China's ambassador to Britain Liu Xiaoming speaks to members of the media during a press conference relating to continuing unrest in Hong Kong, at the Chinese Embassy in London on November 18, 2019. - Beijing will not sit back and simply watch if the protests in Hong Kong become "uncontrollable", China's ambassador to Britain Liu Xiaoming warned at a London news conference on Monday. "If the situation becomes uncontrollable the central government would certainly not sit on our hands and watch," he told reporters in London, adding: "We have enough resolution and power to end the unrest." (Photo by Niklas HALLE'N / AFP) (Photo by NIKLAS HALLE'N/AFP via Getty Images)
China’s ambassador to Britain, Liu Xiaoming, accused the UK and US of interfering

What else is China worried about?

The magic fraction to remember is two-thirds. That is the amount of China’s foreign investment that comes through Hong Kong.

That makes it hugely important to Beijing. And it will only continue if Hong Kong continues to be seen as semi-autonomous, apart from mainland China and where the rule of law remains supreme. Otherwise investors will be scared away.

Police detain protesters who attempt to leave the campus of Hong Kong Polytechnic University (PolyU) during clashes with police in Hong Kong, China November 18, 2019. REUTERS/Tyrone Siu
Police detained protesters who tried to leave the Hong Kong Polytechnic University campus

What’s that got to do with the protests?

Protests don’t seem to have reduced that valuable foreign investment pouring through Hong Kong. In fact it’s gone up since they began.

But if China takes any action jeopardising Hong Kong’s special status, the opposite could be the case.

Hong Kong is ruled on the principle of “one country two systems of government”. Investors like that.

If Chinese forces were to replace Hong Kong police and crush the unrest it would be waving goodbye to “one country two systems”. And farewell to a lot of foreign investment.

HK officers threaten to use live ammunition

Is one country two systems still a thing?

Sometimes it looks like China is pulling all the strings, but it is still not getting involved directly.

It can still say this is Hong Kong’s problem and quarantine some of the fallout. As soon as it intervenes directly, it has ownership.

Clashes in Hong Kong
A police vehicle was set alight as protesters and officers clashed at the university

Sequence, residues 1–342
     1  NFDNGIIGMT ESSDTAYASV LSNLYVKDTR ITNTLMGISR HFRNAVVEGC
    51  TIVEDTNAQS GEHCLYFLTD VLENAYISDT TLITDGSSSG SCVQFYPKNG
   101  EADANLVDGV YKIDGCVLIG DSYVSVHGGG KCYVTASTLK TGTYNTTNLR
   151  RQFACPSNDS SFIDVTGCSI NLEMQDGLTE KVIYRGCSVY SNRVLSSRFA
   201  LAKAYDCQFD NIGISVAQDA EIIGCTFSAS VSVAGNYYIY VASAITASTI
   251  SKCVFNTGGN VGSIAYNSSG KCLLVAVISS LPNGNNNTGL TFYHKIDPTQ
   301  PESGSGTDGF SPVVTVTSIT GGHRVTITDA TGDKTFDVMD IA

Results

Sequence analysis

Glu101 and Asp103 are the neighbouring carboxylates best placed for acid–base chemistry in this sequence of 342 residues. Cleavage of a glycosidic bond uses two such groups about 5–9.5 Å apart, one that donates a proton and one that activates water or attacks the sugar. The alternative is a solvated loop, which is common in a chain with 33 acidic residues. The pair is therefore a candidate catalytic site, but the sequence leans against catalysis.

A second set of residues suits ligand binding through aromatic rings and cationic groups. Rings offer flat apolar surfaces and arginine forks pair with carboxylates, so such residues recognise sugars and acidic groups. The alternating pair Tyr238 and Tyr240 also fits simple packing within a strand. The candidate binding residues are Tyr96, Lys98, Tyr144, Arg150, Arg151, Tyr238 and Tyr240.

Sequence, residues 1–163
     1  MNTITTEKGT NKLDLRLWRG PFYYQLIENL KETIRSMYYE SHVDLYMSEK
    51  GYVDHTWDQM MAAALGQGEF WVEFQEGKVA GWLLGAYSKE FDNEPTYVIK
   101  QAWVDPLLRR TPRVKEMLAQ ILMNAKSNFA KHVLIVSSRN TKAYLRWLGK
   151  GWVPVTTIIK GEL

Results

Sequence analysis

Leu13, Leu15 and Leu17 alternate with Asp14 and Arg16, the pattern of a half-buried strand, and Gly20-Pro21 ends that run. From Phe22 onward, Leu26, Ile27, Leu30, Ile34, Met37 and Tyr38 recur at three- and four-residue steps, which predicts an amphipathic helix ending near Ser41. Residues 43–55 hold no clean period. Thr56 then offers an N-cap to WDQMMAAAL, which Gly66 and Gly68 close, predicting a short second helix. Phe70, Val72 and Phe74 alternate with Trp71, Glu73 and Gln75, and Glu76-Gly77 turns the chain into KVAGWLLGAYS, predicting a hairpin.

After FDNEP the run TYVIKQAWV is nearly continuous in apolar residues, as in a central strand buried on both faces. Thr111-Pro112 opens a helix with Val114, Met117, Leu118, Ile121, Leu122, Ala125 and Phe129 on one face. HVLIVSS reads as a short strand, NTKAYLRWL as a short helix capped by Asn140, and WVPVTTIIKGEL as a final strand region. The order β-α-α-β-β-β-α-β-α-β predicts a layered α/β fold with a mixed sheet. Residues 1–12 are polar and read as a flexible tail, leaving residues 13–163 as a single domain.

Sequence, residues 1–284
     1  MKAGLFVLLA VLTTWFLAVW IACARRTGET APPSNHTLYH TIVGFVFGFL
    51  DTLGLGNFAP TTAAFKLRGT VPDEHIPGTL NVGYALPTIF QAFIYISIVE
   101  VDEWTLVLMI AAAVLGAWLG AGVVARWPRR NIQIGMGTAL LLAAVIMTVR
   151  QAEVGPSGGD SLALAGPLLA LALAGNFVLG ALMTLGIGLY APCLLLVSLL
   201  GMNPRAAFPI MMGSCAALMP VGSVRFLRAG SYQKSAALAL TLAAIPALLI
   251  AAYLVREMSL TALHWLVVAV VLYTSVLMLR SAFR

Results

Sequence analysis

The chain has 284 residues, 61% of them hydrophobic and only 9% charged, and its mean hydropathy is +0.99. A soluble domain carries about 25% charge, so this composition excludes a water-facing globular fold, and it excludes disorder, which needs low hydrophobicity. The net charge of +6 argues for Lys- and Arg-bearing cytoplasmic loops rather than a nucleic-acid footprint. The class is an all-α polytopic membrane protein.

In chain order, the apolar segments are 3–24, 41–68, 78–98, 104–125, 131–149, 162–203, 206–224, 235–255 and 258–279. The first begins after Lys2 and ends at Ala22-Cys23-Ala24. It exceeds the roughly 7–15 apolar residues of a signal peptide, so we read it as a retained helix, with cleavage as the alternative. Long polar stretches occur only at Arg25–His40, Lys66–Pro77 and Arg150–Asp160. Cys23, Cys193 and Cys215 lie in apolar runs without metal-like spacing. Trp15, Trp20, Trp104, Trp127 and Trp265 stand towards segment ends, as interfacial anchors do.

is China threatening to use force?

Not explicitly. But it has been staging very public “riot control” exercises on the mainland, showing Chinese forces tackling civilian protest.

It also has doubled its military presence. Since the UK handed back control of Hong Kong to China in 1997, Beijing has stationed People’s Liberation Army (PLA) troops in barracks there.

They are rotated on a regular basis, but last time that happened, the existing garrison did not go home so it has twice as many soldiers as normal.

But these are PLA soldiers – trained to fight wars, not urban protest.

An anti-government protester uses a bow and arrow
An anti-government protester uses a bow during clashes with police

Might they still try it?

Analysts say only as a last resort.

The unrest is embarrassing and damaging but, without spreading, it is not an existential threat to the Chinese communist regime. So why risk jeopardising all that foreign investment?

What else are Beijing’s options?

  • Covert means. Rumours are rife of Chinese agents-provocateurs engineering incidents turning public opinion against the protests. There’s not a lot of evidence supporting it
  • Or it could play the waiting game hoping eventually the protests will subside? It has tried that for six months and so far they are only escalating
  • Western diplomats say the only way out of this crisis is a political solution involving compromise by the Hong Kong government and protesters. China could try and encourage this, but so far seems to be insisting on Hong Kong chief executive Carrie Lam holding the line